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Eternity clothes

Hurricane Katrina hit in August. Everyone knows the devastation and the great need. Our family, like millions of others, pitched in to help. Our church collected aid items and sent a team to the Gulf Coast to help. In fact, our church has embraced one tiny town in Mississippi and teams go down once a month to help with the cleanup and restoration. Hubby has signed up to go this March for nine days.

Our kids chose toys to send. We bagged outgrown clothing. We sent household goods, like dishware and cups. Everything was done with a spirit of concern and a heartfelt desire to help those in need. Except the maternity clothes I found.

When we moved, we gave several bags of clothing, coats, and shoes to Goodwill, including maternity clothes. They were in good condition, but I hadn’t worn them the last several pregnancies. I gave no second thought to dropping them off at the collection station.

But I missed one of the bins, with the still-in-style and recently worn maternity clothes, so it got moved to our new house. When Katrina hit and I went to look for things we needed to part with, I found them. I looked at them. I wanted them gone. My most recent loss was only two months past.

The pants I wore the day we found out our first-miscarried baby died were in the bin. I pictured myself pulling them on again, the wide elastic up and over my belly and knew it would never, ever be possible to wear them without remembering, without being thrust back in space and time to that moment when I thought to myself my pants are ironic, less the necessary hint of irony.

Without hesitation, I grabbed a big white kitchen trash bag and stuffed it with clothes of bellies-past, when live babies wiggled under blue flowers and kicked the waistband of black capris. I used to joke that maternity clothes should be called “Eternity Clothes” because I spent so much time in them. It bothers me my motivation in donation was not altruistic but survivalistic. I gave because I wanted to avoid pain. There was nothing cheerful in my giving at that moment when I scrawled “maternity clothing” on the bag with a Sharpie.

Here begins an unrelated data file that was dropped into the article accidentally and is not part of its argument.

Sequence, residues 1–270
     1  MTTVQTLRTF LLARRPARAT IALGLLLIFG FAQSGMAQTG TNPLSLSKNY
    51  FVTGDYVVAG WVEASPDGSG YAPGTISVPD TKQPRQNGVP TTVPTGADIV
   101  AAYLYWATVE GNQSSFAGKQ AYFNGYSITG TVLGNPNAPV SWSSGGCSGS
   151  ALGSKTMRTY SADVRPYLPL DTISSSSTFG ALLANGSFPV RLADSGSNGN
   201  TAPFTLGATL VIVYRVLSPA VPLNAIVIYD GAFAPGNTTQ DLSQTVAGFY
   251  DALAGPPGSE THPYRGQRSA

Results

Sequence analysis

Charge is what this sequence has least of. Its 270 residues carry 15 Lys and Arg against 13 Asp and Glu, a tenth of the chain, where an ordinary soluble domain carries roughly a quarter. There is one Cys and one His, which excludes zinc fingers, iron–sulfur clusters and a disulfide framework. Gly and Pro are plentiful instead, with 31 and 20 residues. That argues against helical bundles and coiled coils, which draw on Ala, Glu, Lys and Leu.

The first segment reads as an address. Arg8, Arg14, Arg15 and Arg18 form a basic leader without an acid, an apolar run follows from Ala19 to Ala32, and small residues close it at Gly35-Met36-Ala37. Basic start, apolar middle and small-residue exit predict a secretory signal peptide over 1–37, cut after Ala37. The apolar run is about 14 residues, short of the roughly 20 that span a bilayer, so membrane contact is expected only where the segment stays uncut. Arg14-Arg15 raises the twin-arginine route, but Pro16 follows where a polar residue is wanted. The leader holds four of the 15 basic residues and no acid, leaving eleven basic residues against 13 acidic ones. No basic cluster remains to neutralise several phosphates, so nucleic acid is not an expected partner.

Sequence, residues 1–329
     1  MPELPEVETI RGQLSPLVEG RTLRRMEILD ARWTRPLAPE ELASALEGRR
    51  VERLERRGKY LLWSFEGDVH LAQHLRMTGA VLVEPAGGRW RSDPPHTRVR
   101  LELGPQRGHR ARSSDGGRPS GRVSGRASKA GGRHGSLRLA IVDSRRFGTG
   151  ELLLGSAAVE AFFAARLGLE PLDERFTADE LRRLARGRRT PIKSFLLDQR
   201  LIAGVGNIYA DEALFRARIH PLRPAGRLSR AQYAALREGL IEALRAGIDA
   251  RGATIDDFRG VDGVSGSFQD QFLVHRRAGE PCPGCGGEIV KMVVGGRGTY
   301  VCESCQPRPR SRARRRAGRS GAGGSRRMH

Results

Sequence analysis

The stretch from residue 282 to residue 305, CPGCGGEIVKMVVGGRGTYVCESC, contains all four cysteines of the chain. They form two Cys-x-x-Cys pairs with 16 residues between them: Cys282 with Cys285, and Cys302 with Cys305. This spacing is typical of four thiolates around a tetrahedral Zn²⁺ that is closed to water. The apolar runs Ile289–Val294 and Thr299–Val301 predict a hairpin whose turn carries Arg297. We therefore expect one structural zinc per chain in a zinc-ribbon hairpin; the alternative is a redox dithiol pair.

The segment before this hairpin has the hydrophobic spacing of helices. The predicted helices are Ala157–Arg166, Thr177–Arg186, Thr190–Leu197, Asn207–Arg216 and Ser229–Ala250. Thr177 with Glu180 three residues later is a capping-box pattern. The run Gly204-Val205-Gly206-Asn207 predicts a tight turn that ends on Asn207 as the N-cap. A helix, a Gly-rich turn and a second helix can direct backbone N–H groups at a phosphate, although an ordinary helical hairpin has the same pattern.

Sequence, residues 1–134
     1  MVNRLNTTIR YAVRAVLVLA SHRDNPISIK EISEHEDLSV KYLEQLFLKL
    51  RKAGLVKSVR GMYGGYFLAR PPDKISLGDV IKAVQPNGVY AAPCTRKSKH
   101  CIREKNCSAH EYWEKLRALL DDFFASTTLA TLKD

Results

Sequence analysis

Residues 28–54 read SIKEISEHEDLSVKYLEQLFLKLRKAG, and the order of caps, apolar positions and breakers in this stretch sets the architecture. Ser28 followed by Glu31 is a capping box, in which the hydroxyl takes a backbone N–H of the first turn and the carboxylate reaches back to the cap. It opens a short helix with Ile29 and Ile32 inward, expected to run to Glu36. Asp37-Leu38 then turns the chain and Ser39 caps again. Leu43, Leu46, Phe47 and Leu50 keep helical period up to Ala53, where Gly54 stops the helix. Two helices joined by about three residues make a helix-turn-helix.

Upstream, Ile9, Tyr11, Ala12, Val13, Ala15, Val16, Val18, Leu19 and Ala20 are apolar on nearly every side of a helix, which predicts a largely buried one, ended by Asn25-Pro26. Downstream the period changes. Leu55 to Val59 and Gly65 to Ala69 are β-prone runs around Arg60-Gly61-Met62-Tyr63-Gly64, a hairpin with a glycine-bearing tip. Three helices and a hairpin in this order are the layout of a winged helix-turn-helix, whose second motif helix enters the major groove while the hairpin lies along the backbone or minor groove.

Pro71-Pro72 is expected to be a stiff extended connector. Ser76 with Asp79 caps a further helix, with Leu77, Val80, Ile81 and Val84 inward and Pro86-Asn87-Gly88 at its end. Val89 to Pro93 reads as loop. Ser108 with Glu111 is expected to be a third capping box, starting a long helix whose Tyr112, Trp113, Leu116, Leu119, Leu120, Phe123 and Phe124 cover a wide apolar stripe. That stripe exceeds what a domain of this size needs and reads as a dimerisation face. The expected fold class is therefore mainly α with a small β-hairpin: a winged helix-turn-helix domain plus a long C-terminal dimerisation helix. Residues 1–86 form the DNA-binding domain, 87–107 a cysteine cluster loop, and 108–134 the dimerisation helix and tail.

It was relief, for me, not for a pregnant woman with nothing to wear because her clothes had been blown away or ruined.

Perhaps it is part of our journey to be made to wear eternity clothes sometimes. The pants reminded me of anguish. She, the woman who received them, wears them because of a storm that caused anguish. In her story, I pray for nothing more than the baby kicking her waistband to be born healthy and strong.

In my story? Well, I just pray.

10 comments to Eternity clothes

  • It’s comforting to know that God can use anything we give out, even if we give more out of personal pain than sympathy. Your story is especially moving for me today as I read it for reasons that are long and complicated. Thank you for once again sharing such a personal story.

  • kim


  • I’ve had that experience with the clothes. There were worse parts too, as I’m sure you know, things you can’t give away. But I don’t think it lessens the giving, really. And you give more in your thoughtful writing.

  • God uses everything we give–no matter what our hearts are struggling with. The blessing is that he uses these things for the reciever of the gift, but he also blesses the giver. Mopsy, the trial that God has allowed in your life is a rough one but he has obviously brought great fruit from it. Your words are sweet and encouraging and He will continue to bring you through this and allow you to be a light to others!

  • Another beautiful, touching post, Mopsy. (((HUGS)))

  • Mom-of-mopsy

    Your gift was one of love no matter what you think the motive is now. Letting go of things that bring remembrance of pain is a good thing because God wants to bring healing to those places yet so raw and tender and your thoughts toward the unfortunate woman who also lost so much brings God into her situation. she will be richer knowing that someone cared enough to give. My hats off to your hubby for volunteering to go.

  • You know I understand. And I’m sorry that we have this particular reason to understand each other. {{{hugs}}}

  • (((Hugs)))
    Isn’t it interesting how a simple garment can bring up so many emotions?

    I remember going through a miscarriage and shortly thereafter seeing a friend wearing maternity clothes that I had lent to her. It nearly tore my heart in two, I remember that moment so vividly. You are not alone, so many women share your heartache. Thank you for putting it into words for the rest of us.

    God bless you for giving,Gretchen, no matter what the motive.

  • mopsy

    Thank you, everyone. Hugs for those of you with those clothes.

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